Effects of alcohol on women
Alcohol presents huge health challenges for women. Alcohol affect woman grossly compared to men. Alcohol affects health and safety of women. Evidence shows that alcohol impacts on the fertility of women, increase risk of contracting breast cancer. According to Yoshinda (2013), alcohol is associated with a number of side effects of menopause. On average, women weigh less than men. This infers that women have less tissue that absorbs alcohol. Women are also less able to dilute alcohol because of the higher fat to water ratio within their bodies. This explains why women tend to have higher alcohol concentration in their blood compared to men even after consuming the same alcohol amount. According to Johnston (2013), alcohol tends stay long in the system of women before processing (metabolism) than in men. This is due to the lower alcohol dehydrogenase level, the metabolizing chemical.
According to Armstrong (2003), alcohol has adverse effects on women. These effects range from, liver damage, brain damage, breast cancer, heart disease, and traffic crashes. For these reasons, women are advised not to consume much alcohol as they are more vulnerable to the adverse effects compared to men (Johnston 21). Other studies such as Boyle (2013) have pointed out low fertility and poor sexual performance as effects of alcohol on women. Alcohol acts as a host of health conditions and increases chances of contracting breast cancer.
The drinking pattern among women differs from that of men, particularly when it regards the kinds of amounts, beverages, and frequency. The body of a woman reacts uniquely to alcohol consumption. Due to this, women are exposed to unique health realities and risks. Women are advised to be informed and much aware of the related risks on their health associated with alcohol consumption, most particularly because majority of women occasionally drink, while many consume huge amounts of alcohol (Boyle 56-58).
Evidence shows that a woman is likely to start experiencing problems and health risks related to health at a very low level of alcohol consumption than that of men. This is illustrated through assertions that women have lower weights than men. Additionally, alcohol is dispersed in water in the body, pound for pound, and as Boyle (2013) suggests, there is less water in women’s body compared to that in men. This infers that after a woman and a man with the same weight consume alcohol of the same amount, the blood concentration of alcohol in the woman will be higher than that of the man. This puts the woman at a greater risk, susceptible to health problems more than the man. In addition, the adverse impacts of alcohol in women are also attributed by the biological differences such as hormones (Eber 35-36).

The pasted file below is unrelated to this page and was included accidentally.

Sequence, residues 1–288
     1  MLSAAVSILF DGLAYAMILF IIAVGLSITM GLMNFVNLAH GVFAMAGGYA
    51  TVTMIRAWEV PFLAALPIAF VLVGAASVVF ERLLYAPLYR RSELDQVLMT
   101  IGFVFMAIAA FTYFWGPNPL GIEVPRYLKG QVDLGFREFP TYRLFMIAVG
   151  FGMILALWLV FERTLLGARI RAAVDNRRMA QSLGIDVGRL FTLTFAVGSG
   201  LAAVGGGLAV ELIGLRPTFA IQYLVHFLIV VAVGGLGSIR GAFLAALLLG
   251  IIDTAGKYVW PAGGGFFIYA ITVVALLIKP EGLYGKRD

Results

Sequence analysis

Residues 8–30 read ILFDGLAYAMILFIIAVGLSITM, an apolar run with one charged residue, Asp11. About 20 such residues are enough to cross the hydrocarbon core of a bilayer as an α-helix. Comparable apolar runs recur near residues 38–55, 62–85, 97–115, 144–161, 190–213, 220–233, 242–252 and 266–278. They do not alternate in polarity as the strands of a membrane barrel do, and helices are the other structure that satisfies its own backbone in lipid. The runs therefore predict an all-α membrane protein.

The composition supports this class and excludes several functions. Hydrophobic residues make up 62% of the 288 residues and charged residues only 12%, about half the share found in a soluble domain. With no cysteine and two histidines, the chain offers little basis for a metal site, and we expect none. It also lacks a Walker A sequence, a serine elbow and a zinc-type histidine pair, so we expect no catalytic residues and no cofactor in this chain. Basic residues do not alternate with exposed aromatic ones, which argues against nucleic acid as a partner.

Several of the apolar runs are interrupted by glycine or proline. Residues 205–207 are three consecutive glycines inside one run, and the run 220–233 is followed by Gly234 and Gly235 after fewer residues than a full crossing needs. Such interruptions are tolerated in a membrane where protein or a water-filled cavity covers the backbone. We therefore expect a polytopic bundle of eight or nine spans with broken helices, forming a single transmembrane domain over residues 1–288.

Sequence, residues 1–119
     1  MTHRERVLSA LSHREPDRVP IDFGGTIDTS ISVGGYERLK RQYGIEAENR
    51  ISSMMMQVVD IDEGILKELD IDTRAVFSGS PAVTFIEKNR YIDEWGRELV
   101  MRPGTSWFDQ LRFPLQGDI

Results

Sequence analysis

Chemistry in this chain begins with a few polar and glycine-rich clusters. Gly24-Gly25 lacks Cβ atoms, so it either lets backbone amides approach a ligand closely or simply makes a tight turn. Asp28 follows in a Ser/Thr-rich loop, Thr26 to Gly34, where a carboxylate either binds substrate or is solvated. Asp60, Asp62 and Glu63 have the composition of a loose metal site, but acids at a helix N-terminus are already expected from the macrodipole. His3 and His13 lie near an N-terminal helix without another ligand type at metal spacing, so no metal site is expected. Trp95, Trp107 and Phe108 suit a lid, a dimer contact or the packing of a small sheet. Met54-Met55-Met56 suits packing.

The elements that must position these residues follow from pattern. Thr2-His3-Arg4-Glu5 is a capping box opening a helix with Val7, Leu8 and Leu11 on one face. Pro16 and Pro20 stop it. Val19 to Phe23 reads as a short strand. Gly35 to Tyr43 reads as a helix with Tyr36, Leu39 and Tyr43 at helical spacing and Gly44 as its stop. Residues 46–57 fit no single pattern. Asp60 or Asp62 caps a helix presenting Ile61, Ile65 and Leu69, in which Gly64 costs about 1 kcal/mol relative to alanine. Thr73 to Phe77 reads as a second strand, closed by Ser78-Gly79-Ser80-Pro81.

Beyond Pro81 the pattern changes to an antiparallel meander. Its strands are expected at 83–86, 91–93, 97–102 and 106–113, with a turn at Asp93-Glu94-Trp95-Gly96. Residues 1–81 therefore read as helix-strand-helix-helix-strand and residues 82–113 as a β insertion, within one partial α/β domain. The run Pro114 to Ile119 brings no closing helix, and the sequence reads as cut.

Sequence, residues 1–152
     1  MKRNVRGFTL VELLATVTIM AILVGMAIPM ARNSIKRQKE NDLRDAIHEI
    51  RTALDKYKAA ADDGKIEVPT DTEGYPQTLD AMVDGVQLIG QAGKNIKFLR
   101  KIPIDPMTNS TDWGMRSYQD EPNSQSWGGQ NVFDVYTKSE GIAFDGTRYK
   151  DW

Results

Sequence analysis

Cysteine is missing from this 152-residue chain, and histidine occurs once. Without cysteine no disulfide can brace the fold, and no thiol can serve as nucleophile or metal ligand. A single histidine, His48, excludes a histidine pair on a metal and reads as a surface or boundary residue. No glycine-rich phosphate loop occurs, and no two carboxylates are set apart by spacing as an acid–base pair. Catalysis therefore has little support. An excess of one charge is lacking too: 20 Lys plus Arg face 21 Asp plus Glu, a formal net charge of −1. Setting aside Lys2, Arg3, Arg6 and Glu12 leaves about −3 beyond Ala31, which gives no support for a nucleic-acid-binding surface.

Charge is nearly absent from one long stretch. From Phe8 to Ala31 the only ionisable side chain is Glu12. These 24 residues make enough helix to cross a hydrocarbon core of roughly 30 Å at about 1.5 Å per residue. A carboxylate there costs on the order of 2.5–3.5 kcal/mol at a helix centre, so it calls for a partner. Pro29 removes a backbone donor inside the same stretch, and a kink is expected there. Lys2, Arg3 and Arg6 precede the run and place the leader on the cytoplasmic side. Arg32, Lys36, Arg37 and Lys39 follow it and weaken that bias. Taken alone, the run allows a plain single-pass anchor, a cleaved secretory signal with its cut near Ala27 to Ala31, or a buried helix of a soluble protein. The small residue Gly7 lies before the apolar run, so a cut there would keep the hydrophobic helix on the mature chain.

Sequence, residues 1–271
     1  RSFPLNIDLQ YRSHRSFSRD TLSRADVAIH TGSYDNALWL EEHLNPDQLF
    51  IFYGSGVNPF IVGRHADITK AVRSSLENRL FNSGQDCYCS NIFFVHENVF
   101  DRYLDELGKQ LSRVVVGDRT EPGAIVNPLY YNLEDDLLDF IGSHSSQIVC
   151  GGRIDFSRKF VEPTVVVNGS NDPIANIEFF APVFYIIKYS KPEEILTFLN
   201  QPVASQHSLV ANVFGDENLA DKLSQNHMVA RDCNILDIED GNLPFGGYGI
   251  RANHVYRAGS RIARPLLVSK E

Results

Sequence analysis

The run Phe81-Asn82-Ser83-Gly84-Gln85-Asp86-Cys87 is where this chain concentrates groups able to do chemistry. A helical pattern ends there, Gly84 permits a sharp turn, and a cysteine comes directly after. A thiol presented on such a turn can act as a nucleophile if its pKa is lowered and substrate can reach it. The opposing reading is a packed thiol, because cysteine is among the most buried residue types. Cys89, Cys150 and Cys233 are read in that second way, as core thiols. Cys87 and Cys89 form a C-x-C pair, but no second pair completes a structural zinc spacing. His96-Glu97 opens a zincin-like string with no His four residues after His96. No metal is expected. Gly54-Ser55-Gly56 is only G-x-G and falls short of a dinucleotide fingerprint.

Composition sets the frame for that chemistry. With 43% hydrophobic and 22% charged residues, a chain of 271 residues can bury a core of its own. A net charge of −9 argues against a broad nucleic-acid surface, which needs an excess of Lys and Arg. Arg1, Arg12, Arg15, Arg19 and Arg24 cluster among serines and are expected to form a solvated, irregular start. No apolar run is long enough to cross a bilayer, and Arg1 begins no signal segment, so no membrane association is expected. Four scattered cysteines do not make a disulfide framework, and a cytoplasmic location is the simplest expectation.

According to Yoshinda (2013), women who consume alcohol are more likely to develop liver inflammation (alcoholic hepatitis) than men who consume similar amount of alcohol. Evidence shows that liver inflammation leads to cirrhosis. Chronic alcohol consumption by women results in heart disease. In contrary to men, women are more likely to contract alcohol related diseases of the heart. This fact stands even though women are reportedly consuming less alcohol than men. According to Eber (2000), there is a close relationship between breast cancer development and alcohol consumption. Research shows that women who drink at least one drink in a day have a ten percent greater chance of developing cancer of the breast compared women who are alcohol non-consumers. Another ten percent is raised for every other drink consumed per day. Women are also advised against consuming alcohol during pregnancy, this is risky to their life. Alcohol consumption during pregnancy puts fetus at adverse risk for learning and problems concerning behavior, as well as abnormal facial features. During pregnancy, even moderate drinking may result in serious problems. Preterm labor is another adverse effect resulting from consuming alcohol during pregnancy (Armstrong 24-26).
In conclusion, alcohol increases the risks in women of developing severeconditions of health like liver disease, heart disease, reproductive problems, ulcers, pancreatitis, osteoporosis, and memory loss among other illnesses. As Eber (2000) asserts, these serious illnesses are primarily caused by alcohol abuse among women. Evidence also shows that the effects of alcohol on women is more adverse compared to men. Women are more likely to contract the liver disease, particularly hepatitis and alcoholic cirrhosis than men (Yoshinda 33).
Armstrong, Elizabeth M. Conceiving Risk, Bearing Responsibility: Fetal Alcohol Syndrome &
the Diagnosis of Moral Disorder. Baltimore: The Johns Hopkins University Press, 2003. Print.
Boyle, P. Alcohol: Science, Policy and Public Health. Oxford: Oxford University Press, 2013.
Eber, Christine E. Women & Alcohol in a Highland Maya Town: Water of Hope, Water of
Sorrow. Austin: Univ. of Texas Press, 2000. Print.
Johnston, Ann D. Drink: The Intimate Relationship between Women and Alcohol. , 2013.
Yoshida, Rin. Trends in Alcohol Abuse and Alcoholism Research. Hauppauge, N.Y: Nova
Science Publishers, 2006. Print.